How to Write a Website Design Brief in 2019?

How to Write a Website Design Brief in 2019?

What’s a Website Design Brief?

A design brief is a document, which explains the scope of issues a development team needs to solve when working on a project. It focuses on the desired results and business goals, not its aesthetic side. A web design brief is a short document, which becomes a guideline for the entire process of website building until it is launched.

Every web design brief should be as detailed as possible, for it is a supporting point for all the involved parties. It helps QAs, designers, and developers to share your vision of the project, to avoid misunderstanding or expensive post-improvements.

Even in case you decide not to create a website from scratch and use a website builder like Weblium instead, writing a web design brief is a must. So why is it so significant? How to make it work effectively without wasting time for paperwork? Find all the answers below.

Step 1. Provide your contacts

Step 2. State your purpose and describe a target audience

Step 3. Indicate a website type in a design brief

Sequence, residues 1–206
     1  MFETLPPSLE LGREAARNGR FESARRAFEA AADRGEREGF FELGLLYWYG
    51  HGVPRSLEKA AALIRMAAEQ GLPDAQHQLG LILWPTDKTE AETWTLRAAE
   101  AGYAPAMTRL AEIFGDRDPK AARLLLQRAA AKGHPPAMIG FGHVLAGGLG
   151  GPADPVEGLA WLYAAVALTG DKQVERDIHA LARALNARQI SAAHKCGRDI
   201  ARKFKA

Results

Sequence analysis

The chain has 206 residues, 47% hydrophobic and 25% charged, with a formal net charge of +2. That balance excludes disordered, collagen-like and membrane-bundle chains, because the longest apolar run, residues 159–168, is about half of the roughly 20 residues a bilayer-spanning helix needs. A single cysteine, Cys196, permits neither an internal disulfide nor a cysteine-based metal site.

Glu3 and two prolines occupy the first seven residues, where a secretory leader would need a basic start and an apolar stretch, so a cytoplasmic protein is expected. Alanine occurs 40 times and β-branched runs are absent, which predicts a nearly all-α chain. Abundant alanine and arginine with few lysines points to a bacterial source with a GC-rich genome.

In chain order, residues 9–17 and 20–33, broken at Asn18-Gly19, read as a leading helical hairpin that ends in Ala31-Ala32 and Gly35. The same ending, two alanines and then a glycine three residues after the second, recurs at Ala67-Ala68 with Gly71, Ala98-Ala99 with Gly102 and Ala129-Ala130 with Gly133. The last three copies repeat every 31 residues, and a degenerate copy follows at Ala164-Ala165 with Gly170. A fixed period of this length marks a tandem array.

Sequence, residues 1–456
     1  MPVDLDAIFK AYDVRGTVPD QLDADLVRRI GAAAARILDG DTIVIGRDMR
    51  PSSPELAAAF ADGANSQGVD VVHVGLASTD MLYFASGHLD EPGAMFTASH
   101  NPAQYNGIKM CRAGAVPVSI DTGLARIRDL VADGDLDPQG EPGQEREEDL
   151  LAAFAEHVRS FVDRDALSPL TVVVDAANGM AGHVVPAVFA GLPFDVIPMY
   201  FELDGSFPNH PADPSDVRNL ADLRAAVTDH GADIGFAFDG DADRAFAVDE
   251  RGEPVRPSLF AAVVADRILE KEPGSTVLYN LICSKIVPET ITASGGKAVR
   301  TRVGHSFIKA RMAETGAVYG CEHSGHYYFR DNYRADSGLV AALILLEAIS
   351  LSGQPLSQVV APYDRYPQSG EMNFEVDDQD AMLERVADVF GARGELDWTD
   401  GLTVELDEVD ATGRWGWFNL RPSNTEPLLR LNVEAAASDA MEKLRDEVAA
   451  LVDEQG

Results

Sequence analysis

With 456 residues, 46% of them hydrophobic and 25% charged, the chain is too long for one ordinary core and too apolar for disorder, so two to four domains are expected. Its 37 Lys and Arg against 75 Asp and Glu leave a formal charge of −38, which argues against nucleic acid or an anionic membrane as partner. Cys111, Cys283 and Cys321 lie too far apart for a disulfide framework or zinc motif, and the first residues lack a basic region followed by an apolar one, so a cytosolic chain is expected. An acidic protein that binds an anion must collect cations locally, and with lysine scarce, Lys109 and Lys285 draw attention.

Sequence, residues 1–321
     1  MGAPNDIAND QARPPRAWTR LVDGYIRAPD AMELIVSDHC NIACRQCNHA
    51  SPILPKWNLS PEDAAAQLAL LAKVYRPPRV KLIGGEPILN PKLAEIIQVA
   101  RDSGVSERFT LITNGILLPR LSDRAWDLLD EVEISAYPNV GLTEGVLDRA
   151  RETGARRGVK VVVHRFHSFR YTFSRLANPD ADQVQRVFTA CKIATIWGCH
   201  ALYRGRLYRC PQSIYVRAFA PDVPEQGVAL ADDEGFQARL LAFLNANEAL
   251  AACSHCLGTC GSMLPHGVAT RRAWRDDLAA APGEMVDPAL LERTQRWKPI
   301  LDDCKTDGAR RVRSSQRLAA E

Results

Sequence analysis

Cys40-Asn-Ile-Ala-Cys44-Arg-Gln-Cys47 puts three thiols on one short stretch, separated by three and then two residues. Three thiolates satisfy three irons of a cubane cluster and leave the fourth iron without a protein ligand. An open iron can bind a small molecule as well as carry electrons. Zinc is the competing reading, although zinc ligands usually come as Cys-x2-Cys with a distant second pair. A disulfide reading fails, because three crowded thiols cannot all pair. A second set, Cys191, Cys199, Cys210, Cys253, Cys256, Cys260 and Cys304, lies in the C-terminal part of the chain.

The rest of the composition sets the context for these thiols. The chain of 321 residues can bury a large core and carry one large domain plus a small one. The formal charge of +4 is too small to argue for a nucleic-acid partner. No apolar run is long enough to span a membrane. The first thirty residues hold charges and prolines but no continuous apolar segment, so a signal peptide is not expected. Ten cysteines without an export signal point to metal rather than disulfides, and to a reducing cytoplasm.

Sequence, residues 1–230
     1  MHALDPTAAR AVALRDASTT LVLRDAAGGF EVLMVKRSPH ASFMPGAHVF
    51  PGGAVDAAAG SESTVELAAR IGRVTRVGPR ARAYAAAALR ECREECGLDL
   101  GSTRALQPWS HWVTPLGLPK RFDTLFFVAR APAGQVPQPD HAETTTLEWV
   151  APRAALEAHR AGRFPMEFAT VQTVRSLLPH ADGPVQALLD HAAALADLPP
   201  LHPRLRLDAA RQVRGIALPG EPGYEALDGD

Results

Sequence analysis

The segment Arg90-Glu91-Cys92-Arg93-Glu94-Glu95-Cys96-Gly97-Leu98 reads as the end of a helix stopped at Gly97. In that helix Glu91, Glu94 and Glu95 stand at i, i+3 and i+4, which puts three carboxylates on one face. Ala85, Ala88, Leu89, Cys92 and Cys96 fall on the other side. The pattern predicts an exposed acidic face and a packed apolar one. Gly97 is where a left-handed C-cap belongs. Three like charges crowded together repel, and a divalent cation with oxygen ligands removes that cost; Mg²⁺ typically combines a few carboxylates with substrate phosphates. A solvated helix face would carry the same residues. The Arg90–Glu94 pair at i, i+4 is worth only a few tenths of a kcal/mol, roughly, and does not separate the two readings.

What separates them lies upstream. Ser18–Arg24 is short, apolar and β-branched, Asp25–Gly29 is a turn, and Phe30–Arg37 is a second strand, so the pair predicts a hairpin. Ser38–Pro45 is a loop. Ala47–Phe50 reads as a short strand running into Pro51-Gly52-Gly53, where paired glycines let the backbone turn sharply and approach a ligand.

Step 4. Share five examples of websites you like

Step 5. Describe the functionality of the web platform

Step 6. Share your vision of the homepage

Step 7. Tell whether you need localization

Step 8. Tell what website materials you will provide

Step 9. Outline the requirements to website design

Step 10. Set the deadlines in your web design brief

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What are the features of writing the website brief?

To make things clear, we didn’t mean to frighten you with any additional paperwork. A briefing process is much more than a conventional procedure. It organizes and structures the key information and transfers it from a client to an executive. The answers to the three most common questions will help you to understand it better.

Why is a web design brief a good idea and what if I don’t have one?

A design brief guarantees that a final product will meet your expectations and perform the expected business goals. Some companies provide standard questionnaires and don’t make you write everything on your own. The more detailed your answers are, the higher the probability of getting exactly what you need is. A brief is what later helps to come up with a list of requirements, estimate the time and expenses.